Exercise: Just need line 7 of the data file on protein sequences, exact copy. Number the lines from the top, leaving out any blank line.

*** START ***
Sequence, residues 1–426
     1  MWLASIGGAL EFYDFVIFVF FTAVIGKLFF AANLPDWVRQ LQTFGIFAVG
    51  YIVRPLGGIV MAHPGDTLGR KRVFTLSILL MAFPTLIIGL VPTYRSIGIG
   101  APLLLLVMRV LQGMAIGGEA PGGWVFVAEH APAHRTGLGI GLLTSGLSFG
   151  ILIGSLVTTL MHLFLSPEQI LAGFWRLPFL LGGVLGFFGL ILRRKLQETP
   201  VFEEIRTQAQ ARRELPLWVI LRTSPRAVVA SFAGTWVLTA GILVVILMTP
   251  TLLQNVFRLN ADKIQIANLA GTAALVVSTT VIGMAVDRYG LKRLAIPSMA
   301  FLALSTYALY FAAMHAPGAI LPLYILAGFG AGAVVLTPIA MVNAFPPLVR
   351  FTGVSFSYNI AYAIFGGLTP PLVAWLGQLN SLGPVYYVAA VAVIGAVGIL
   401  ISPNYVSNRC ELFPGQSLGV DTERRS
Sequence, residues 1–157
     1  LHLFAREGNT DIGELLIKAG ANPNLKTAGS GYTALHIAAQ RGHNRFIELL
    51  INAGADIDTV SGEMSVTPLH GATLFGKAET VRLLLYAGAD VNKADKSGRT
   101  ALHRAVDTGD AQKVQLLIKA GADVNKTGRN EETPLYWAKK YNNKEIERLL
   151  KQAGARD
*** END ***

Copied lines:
   251  TLLQNVFRLN ADKIQIANLA GTAALVVSTT VIGMAVDRYG LKRLAIPSMA